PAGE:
There are many hazards to working in the media: ego, self-indulgence, profit vs. creativity. But the biggest may be a certain loss of perspective, as the business chases after the newest new thing, convinced history is no guide and nothing is as it used to be.
Two articles in the Los Angeles Times are a quaint reminder that, wait-a-minute, human beings are always human beings and things really don’t change all that much.
Columnist Patrick Goldstein writes about an old 1970 Life magazine article currently being circulated around town by Ari Emmanuel, the most powerful agent in Hollywood and brother of White House chief of staff Rahm Emmanuel.
(Washington has at least two things in common with Hollywood: powerful Emmanuels and that shared sense that everything is now different always.)
The Life magazine reports looks at Hollywood at the cross-roads: 1969 was a horrible year at the box office; big star-driven blockbusters failed dramatically and studios were slashing budgets and layoff off staff. How bad was it? Today, in west Los Angeles, there is a mega shopping center and office tower cluster called Century City. It was built on the former backlot of nearby 20th Century Fox Studios, which had to sell off the land to stay afloat after the big-budget musical “Hello Dolly” crashed and burned in 1969.
Many of the interviews with studio moguls and industry agents of the time could have been recorded today, as Hollywood once again struggles with high-priced bombs and a bad economy. Ari Emmanuel’s message = nothing is new under the sun. We made it through a similar crisis forty years age, we’ll get through this one.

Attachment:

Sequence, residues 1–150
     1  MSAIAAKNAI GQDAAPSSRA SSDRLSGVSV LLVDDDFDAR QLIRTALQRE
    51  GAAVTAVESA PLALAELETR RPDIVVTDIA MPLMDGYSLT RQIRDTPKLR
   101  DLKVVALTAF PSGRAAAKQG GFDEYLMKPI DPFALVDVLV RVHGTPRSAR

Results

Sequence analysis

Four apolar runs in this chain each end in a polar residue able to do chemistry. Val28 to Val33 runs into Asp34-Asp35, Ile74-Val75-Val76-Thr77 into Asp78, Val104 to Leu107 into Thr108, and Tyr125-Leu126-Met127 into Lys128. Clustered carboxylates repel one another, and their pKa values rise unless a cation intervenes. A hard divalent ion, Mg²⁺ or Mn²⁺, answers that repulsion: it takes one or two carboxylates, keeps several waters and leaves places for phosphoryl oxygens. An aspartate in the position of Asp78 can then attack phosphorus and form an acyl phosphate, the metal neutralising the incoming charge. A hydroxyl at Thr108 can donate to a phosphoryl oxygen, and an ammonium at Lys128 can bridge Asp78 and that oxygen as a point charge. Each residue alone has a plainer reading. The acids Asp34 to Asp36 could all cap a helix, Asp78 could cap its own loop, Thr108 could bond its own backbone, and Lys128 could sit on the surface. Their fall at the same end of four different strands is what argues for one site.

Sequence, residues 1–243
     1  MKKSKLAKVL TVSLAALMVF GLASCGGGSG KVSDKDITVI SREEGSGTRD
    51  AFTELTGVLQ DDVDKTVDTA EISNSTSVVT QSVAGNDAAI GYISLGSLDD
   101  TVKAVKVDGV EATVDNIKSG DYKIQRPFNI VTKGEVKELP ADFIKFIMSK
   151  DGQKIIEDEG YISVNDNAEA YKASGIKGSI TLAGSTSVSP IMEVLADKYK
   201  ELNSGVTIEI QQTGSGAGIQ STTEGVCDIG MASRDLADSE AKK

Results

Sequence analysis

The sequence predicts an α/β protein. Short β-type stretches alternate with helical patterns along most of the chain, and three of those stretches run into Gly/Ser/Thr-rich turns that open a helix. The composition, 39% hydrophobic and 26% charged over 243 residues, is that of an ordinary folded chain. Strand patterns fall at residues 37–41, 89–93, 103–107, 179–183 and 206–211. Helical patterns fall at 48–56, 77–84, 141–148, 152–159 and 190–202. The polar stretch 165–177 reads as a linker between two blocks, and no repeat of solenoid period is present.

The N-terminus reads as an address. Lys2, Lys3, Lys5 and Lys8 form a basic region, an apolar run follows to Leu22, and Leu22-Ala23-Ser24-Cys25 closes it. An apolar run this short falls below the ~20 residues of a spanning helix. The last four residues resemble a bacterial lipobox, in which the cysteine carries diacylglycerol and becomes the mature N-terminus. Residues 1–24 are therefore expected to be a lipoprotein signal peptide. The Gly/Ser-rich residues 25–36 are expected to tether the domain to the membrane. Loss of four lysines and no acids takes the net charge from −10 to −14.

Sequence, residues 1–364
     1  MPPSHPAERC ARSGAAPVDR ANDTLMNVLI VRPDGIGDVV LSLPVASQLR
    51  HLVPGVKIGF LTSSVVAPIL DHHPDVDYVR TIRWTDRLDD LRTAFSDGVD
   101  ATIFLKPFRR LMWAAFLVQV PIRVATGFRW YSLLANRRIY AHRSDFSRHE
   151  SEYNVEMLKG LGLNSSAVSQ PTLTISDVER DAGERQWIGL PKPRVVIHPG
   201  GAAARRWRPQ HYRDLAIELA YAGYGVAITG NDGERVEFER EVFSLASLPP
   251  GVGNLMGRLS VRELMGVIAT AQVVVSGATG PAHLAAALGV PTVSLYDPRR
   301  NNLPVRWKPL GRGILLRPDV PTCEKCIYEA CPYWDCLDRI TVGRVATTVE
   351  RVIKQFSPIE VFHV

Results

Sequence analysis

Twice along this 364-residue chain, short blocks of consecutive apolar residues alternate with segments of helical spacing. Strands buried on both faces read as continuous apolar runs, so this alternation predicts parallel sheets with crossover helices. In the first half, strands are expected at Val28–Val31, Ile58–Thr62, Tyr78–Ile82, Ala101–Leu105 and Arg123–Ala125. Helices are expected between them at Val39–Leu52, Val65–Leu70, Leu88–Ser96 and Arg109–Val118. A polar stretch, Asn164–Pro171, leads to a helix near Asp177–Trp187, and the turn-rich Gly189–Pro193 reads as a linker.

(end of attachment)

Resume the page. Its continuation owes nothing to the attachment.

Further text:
As if to prove that nothing news and we can learn from the old, ABC tonight debuts a well-reviewed remake of a 1983 sci-fi classic, “V.” In her review, Los Angeles Times critic Mary McNamara notes that “V” works because it fits into that lineage of stories that have touched the human psyche for centuries.
In “V,” aliens come to Earth with a seductive promise of a better day, as long as we do exactly what they tell us to do. As McNamara notes, this human desire for the “big fix,” for the deus ex machine, dates back at least to the ancient Greeks – and always comes with dark and unintended consequences. Updated for a different era, “V” still strikes the same powerful chord it did in 1983 – because certain stories just do that.
Both articles are welcome reminders that history and culture can be a solid guide in a world obsessed with moving forward and never looking over the shoulder. It’s often the same stance the church takes: a gentle (or, okay, sometimes not-so) call of “wait a minute.” Take a breath, look over your shoulder, give the rear horizon a quick check – and then figure out how best to move ahead. Doesn’t mean don’t move forward: just do it knowing where you’ve been.
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